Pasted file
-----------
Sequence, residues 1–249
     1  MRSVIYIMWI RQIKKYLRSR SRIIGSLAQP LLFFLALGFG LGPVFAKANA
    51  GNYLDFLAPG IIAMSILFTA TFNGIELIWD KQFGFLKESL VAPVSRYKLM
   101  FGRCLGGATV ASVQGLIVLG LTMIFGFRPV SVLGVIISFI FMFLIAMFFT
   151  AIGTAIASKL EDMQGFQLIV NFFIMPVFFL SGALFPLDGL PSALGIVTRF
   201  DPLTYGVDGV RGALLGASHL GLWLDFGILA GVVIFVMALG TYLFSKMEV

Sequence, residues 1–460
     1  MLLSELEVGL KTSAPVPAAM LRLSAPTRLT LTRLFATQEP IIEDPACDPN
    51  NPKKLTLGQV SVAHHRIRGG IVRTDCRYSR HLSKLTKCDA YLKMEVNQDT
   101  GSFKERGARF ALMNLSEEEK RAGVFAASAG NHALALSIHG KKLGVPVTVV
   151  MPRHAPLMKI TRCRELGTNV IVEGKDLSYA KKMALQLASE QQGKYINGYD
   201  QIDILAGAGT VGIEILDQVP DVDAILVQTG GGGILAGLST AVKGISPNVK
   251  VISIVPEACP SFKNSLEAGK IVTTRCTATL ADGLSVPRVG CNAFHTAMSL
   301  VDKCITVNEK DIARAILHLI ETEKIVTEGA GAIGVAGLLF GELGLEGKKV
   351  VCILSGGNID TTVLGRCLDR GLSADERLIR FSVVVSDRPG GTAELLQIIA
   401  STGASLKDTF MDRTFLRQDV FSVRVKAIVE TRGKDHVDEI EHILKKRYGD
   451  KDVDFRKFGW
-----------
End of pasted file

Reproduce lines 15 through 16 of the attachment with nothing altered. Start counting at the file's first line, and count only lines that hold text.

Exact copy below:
   351  VCILSGGNID TTVLGRCLDR GLSADERLIR FSVVVSDRPG GTAELLQIIA
   401  STGASLKDTF MDRTFLRQDV FSVRVKAIVE TRGKDHVDEI EHILKKRYGD